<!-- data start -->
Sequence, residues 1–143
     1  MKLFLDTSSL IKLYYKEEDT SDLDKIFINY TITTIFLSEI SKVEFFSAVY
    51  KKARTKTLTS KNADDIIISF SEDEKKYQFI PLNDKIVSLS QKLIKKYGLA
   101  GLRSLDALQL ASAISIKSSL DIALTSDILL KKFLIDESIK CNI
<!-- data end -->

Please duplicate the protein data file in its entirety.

Sequence, residues 1–143
     1  MKLFLDTSSL IKLYYKEEDT SDLDKIFINY TITTIFLSEI SKVEFFSAVY
    51  KKARTKTLTS KNADDIIISF SEDEKKYQFI PLNDKIVSLS QKLIKKYGLA
   101  GLRSLDALQL ASAISIKSSL DIALTSDILL KKFLIDESIK CNI